Crop rotations required new trapping locations in Fig. The zeros in trap catches from December to February corresponded with cold weather and problems in maintaining the trap line because of localized flooding. However, collections beginning in early March were similar to those of previous years. Those collections 11 March occurred before spring planted corn emerged. Leafhoppers trapped after 20 March of all 3 yr dalbulks with newly planted corn.

D-vac suctions proved a reliable technique for recovering leafhoppers. Adults were consistently collected from both alfalfa and weedy areas throughout the winter Fig. As spring approached, we began dalbulsu routinely collect leafhoppers from winter forage. As with the sticky card dablulus, collections using the D-vac overlapped in time with the spring planted corn crop, again indicating that the adults had survived the period between the last corn in the fall and newly planted corn in the spring.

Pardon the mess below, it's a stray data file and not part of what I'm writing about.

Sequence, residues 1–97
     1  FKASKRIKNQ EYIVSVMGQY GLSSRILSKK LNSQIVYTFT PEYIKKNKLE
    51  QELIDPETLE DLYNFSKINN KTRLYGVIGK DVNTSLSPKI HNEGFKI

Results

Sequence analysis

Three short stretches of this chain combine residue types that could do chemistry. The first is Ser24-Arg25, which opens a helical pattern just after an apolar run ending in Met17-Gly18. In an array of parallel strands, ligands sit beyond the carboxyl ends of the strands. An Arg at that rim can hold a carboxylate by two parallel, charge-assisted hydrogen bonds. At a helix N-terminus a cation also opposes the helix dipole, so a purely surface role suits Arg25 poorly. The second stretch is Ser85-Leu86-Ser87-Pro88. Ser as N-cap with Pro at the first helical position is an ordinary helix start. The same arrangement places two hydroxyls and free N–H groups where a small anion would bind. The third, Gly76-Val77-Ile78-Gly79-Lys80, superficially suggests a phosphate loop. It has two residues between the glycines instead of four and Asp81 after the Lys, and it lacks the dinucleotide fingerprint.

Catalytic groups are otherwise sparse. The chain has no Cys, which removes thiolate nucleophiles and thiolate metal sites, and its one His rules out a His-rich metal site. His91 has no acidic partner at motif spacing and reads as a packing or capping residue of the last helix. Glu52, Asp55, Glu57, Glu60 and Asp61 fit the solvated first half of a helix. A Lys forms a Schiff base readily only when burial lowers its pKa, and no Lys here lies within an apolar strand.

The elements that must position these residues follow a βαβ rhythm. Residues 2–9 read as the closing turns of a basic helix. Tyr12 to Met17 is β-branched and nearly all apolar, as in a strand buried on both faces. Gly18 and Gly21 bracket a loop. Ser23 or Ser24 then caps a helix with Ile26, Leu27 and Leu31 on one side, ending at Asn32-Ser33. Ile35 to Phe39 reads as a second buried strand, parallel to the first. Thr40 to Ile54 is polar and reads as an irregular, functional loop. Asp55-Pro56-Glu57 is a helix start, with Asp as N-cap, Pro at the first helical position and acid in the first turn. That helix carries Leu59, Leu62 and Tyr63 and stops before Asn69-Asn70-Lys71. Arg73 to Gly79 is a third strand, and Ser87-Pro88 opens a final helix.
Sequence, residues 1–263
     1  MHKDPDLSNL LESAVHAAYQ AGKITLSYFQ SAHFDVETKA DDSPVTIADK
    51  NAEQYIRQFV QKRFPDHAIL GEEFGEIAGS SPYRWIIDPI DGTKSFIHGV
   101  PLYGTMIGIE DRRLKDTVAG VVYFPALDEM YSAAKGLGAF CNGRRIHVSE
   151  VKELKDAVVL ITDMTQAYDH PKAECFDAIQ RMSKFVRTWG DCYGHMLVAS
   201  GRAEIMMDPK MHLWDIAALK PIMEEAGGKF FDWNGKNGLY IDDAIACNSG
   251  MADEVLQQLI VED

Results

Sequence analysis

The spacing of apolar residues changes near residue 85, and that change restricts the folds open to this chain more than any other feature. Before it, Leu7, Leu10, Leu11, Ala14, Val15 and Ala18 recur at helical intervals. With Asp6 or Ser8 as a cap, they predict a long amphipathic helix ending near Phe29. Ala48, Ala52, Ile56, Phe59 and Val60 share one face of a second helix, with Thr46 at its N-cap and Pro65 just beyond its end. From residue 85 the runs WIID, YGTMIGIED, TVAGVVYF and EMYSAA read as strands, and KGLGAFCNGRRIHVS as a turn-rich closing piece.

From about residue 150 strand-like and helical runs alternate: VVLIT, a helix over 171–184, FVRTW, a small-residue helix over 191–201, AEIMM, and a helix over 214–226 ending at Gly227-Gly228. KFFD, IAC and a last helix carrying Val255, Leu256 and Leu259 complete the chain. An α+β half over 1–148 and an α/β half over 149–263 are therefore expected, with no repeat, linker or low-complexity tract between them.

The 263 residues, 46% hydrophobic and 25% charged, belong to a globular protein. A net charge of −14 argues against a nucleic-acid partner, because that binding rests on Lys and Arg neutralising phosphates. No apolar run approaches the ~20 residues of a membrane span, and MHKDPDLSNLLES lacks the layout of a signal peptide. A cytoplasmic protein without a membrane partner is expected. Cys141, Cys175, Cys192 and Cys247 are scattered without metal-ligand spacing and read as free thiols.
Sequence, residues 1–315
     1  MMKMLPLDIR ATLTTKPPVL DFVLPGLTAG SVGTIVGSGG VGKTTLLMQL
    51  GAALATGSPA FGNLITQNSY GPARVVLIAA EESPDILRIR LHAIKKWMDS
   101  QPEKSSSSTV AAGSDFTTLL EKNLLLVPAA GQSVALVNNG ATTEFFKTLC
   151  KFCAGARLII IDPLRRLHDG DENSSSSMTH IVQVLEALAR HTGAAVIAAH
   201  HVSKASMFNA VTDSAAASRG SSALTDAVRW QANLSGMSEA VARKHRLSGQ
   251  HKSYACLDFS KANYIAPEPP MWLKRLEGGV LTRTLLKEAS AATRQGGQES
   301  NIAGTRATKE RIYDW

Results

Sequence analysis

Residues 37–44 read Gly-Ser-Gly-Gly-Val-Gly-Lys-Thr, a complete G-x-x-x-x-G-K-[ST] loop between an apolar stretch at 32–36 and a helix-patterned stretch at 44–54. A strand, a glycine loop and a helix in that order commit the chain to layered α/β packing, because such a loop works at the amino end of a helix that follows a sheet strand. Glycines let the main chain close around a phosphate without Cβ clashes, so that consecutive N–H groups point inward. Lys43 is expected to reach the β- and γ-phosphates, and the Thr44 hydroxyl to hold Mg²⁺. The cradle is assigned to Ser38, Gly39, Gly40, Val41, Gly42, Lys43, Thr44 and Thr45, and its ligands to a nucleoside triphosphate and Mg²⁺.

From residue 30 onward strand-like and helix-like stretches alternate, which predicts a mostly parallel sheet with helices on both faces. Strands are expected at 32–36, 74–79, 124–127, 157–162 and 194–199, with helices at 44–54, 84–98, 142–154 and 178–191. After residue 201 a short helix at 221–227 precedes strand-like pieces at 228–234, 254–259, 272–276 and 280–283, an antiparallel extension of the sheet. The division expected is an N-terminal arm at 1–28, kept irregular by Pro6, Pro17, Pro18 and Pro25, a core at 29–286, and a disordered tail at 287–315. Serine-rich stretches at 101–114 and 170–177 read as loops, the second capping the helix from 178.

Females surviving the winter outnumber males by a wide margin Table 1. There was a general trend for an increased percentage of males surviving the winter over the 3 yr. Percentage of overwintering a male and female D. Although the outer leaves dalbklus the volunteer corn plants froze, the whorl leaves remained viable throughout the winter and supported populations of both adult and immature leafhoppers Fig.

Both stages were found throughout the winter into March, when leafhopper populations from volunteer plants Fig. Even though the corn was completely frozen by late November, leafhopper adults and nymphs continue to survive within the frozen plants until well into February Fig. Nymphs failed to survive the entire winter of midis were not recovered in March when new corn was being planted.